Now's a good time to think about your skills and how well you're positioned for the Brave New World barreling down on us.
Here's a good place to start.
Scoble's list was pretty straight forward:
1. Dialing a rotary phone.
2. Putting a needle on a vinyl record.
3. Changing tracks on an eight-track tape.
5. Using a slide rule.
6. Using carbon paper to make copies.
7. Developing film/photos.
8. Changing the ball or ribbon on your Selectric Typewriter.
9. Getting off the couch to change channels on your TV set.
10. Adjusting the rabbit ears on your TV set.
11. Changing the gas mixture on your car’s carburetor.
But the longer list--and you can argue about some of these all night--is much more wide ranging. Some of these were blown out by new technology ("adjusting rabbit ears on a TV", "dialing a rotary phone") others a reflection of changing lifestyles and mass marketing. Who has their milk delivered to their homes anymore? Is "knowing your neighbors" now dead? Are "good manners" history?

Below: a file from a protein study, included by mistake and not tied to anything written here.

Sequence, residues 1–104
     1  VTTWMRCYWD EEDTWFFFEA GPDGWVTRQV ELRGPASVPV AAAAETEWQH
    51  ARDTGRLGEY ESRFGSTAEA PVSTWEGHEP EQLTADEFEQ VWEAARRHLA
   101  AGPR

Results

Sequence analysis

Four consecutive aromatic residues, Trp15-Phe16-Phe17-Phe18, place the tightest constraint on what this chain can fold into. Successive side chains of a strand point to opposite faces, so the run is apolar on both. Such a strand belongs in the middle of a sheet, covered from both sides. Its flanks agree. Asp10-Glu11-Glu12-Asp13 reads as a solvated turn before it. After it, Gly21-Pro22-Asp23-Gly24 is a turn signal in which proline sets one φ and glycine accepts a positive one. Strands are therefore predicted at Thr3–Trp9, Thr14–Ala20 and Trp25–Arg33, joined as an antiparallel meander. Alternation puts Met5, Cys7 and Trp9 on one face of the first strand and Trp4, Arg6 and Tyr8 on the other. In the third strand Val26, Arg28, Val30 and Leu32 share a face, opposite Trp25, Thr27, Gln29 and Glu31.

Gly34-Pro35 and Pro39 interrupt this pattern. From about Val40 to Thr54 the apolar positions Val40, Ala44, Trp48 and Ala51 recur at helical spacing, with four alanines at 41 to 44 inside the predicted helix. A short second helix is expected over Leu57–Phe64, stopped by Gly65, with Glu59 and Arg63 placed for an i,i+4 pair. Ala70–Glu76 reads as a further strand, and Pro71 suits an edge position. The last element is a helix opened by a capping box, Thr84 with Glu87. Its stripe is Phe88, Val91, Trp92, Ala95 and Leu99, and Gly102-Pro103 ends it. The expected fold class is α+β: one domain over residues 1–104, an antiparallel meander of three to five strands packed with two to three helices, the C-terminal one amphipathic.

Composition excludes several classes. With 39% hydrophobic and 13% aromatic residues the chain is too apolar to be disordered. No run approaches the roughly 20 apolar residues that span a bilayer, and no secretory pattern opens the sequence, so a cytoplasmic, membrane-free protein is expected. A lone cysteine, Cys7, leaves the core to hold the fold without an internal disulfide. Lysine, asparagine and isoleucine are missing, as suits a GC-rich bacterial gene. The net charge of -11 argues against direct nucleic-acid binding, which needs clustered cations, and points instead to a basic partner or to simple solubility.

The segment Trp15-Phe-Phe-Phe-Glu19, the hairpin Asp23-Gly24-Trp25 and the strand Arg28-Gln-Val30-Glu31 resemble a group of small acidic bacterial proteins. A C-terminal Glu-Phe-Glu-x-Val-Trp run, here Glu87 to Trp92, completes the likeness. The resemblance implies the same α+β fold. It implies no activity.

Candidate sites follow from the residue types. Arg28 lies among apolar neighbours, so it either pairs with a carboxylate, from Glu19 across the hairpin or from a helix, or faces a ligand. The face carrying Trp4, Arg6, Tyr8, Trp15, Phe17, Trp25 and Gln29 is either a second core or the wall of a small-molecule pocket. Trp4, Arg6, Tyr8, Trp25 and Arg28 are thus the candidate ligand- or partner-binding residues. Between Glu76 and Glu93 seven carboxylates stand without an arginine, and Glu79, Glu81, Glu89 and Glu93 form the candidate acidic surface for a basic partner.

Some just faded away quietly. Remember carbon paper or when you had to actually focus a camera or format a floppy? What about percolating coffee?
Some are arguable. Is "common sense" really dead (maybe). Have we truly lost the ability to think--and "drive" (driving a car is listed as a lost skill). What about "read a map?"
Will "writing" be dead? Already "texting" "IM-ing" and "twittering" has replaced true prose in most of the blogosphere--so what's next?